Types of Non – Contact Vibration Measurement
- Eddy Current
- Hall Effect
- Laser-Doppler vibrometer
The capacitive principle can be applied to non-contact vibration measurement, if the vibrating object or a relevant part of it is useable as a plate of a capacitor. In order to do measurements, a second plate is needed. Now the whole setup works like any common capacitor. The variation of the distance of the two plates is proportional to the capacity. An AC supply is connected to the capacitor. Depending on the distance between the plates, a specific amplitude can be recognized by the sensor which can be used for further processing. The measuring stroke reaches from several μm μm to mm with a resolution of some nm. The band of frequencies lies between 0 and 6 kHz. However this non-contact method is not feasible for application in high quantities and must be adapted to the individual case.
Eddy current sensor
In eddy current sensors, the displacement measurement of vibrations is limited to metallic objects or at least objects with a metallic surface. The sensor consists of a coil which is connected to an AC supply. This configuration develops an electromagnetic field that in turn causes eddy currents within the metallic object. These eddy currents interfere with the electromagnetic field and result in a measureable dissipation. Possible path measurements are between 0.5 and 80 mm. Here the resolution lies somewhere between nm and μm μm . The band of frequency ranges between 1 Hz and 100 kHz
The Hall sensor uses the Hall-effect for the non-contact path measurement. To that end a small permanent magnet has to be fixed on the measured object. As soon as vibrations occur, an electric signal can be detected through measuring the effect of the Lorentz force. The output signal is proportional to the covered path. However the non-linear characteristic curve and the high sensibility to environmental impacts results in a limited usability.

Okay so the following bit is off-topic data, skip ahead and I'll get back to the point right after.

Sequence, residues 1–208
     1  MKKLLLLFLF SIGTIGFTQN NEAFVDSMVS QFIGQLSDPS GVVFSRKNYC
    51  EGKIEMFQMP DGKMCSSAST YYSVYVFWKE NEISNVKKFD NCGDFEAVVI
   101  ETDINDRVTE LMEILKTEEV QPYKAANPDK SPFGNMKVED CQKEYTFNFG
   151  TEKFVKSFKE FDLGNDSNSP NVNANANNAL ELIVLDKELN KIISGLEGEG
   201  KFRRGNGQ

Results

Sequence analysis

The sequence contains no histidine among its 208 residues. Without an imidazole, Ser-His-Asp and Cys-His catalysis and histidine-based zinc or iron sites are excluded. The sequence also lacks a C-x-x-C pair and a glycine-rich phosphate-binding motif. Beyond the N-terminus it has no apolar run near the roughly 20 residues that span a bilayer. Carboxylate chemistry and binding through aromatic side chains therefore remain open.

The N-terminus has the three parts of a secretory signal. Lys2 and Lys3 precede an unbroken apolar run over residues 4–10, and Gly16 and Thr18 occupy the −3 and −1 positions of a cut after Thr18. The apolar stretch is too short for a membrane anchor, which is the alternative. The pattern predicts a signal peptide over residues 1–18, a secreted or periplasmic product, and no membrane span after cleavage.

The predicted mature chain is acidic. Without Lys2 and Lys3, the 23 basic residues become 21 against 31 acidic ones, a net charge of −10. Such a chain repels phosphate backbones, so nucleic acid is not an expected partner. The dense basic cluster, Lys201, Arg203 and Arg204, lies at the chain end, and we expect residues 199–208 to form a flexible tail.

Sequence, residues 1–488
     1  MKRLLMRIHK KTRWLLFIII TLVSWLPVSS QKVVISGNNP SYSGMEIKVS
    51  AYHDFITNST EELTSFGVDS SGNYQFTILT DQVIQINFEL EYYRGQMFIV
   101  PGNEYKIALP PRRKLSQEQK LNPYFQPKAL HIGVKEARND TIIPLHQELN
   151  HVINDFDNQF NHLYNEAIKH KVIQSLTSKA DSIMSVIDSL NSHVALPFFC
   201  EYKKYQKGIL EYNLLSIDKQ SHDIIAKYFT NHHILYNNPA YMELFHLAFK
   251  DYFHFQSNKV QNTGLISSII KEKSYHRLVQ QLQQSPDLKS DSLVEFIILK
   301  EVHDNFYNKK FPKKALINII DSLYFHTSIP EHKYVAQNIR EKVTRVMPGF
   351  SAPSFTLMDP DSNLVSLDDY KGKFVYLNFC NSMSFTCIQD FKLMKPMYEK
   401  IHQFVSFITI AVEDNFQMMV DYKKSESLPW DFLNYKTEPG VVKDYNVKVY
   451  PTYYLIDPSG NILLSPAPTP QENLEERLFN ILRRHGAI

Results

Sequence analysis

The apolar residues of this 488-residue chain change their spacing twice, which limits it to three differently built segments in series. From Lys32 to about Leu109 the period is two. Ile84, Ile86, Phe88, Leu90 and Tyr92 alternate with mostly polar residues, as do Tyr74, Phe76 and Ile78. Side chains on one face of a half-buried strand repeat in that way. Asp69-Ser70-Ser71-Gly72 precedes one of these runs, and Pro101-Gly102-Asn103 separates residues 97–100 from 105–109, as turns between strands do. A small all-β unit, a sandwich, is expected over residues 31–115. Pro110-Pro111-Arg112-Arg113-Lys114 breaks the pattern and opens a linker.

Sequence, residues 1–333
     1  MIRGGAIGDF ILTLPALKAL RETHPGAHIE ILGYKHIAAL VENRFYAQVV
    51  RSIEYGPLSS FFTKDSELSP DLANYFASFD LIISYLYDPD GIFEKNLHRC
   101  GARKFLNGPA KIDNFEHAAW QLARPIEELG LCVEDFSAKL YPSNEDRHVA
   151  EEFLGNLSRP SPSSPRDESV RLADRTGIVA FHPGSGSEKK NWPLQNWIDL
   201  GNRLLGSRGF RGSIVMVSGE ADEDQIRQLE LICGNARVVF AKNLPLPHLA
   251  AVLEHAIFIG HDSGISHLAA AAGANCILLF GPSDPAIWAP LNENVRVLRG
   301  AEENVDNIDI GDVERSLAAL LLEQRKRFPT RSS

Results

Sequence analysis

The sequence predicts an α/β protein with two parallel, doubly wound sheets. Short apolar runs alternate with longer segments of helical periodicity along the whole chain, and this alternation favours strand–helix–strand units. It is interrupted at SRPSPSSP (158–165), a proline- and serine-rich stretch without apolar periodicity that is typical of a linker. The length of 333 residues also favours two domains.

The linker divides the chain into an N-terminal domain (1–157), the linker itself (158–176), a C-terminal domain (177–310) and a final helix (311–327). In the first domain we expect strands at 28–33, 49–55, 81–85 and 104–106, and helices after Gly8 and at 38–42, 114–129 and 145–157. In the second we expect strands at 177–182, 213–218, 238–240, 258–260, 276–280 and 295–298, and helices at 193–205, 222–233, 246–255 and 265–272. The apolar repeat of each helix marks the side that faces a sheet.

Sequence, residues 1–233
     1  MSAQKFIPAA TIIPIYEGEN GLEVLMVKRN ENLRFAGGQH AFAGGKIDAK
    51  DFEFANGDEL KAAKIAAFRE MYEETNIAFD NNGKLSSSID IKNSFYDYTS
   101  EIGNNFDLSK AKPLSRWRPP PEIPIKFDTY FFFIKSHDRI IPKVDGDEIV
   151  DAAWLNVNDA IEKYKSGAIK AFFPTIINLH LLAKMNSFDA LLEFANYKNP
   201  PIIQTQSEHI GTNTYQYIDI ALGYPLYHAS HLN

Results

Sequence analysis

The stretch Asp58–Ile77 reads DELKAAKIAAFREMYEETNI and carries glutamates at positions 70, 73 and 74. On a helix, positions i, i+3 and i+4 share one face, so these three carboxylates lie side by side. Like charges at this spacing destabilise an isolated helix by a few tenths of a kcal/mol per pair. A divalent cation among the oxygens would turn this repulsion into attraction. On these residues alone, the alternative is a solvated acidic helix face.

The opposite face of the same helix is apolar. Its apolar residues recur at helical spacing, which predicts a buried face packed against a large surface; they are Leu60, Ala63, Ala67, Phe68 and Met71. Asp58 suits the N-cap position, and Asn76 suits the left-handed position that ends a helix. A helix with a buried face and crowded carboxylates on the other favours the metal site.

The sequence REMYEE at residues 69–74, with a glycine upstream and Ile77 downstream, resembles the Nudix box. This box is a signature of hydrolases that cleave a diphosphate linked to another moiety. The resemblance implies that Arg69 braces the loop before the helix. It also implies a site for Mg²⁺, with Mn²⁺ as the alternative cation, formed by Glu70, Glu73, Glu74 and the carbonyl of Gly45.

Optical sensors use lasers to detect changes in distance. In addition to a laser, beam splitters, a reflector, a Bragg cell and a photo detector are necessary to carry out measurements. These devices are needed to obtain two beams, a measuring beam and a reference beam. The measuring beam is focused on the vibrating object. Its reflection merges with the reference beam and starts to interfere. The generated interference pattern can be decoded by the photo detector. The range of an optical sensor lies within few millimetres with a resolution in the region of nanometres.
The Laser-Doppler vibrometer (LDV) uses the Doppler frequency shift for non-contact speed measurement. In principle, it consists of a laser, beam splitters, a reflector, a Bragg cell and a photo detector. The coherent laser light is split into a measuring beam and the reference beam by means of polarisation. The measuring beam is projected onto the vibrating object and is reflected on its surface. The reference beam is used to be send through a Bragg cell for a frequency shift. This frequency shift allows the detection of motion direction later. The interference of both beams leads to a frequency modulated signal. Various demodulation methods are able to translate the signal into path or speed information. Commercial LDVs have a frequency range between 0 Hz and 30 MHz and can follow vibration speeds from 100 nm/s up to 20 m/s.
So far there is no way known to gain acceleration data directly. It is possible to receive this data by derivation from the speed measurement. However measurement noise has a great effect on the quality of the derived data. Thus it is not always possible or useful to do so.
Vibration Sensors Characteristics